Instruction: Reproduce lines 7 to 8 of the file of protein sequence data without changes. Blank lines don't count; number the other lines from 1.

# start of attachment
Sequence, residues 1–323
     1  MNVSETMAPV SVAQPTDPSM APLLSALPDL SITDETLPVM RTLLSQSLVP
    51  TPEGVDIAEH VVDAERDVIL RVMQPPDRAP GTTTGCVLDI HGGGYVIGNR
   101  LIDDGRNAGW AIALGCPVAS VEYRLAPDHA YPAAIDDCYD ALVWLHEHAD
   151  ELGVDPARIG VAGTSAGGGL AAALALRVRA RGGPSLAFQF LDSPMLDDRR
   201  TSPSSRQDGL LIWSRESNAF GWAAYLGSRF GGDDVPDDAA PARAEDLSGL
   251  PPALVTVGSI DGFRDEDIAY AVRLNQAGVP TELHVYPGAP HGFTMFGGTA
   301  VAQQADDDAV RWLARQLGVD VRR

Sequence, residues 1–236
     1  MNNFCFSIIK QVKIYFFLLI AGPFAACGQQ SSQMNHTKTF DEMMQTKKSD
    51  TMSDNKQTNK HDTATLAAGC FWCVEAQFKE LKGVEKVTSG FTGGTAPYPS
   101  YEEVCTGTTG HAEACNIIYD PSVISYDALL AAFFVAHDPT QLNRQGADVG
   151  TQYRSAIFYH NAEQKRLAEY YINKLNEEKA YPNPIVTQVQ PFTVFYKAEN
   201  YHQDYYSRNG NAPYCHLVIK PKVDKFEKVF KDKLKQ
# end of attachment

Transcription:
   251  PPALVTVGSI DGFRDEDIAY AVRLNQAGVP TELHVYPGAP HGFTMFGGTA
   301  VAQQADDDAV RWLARQLGVD VRR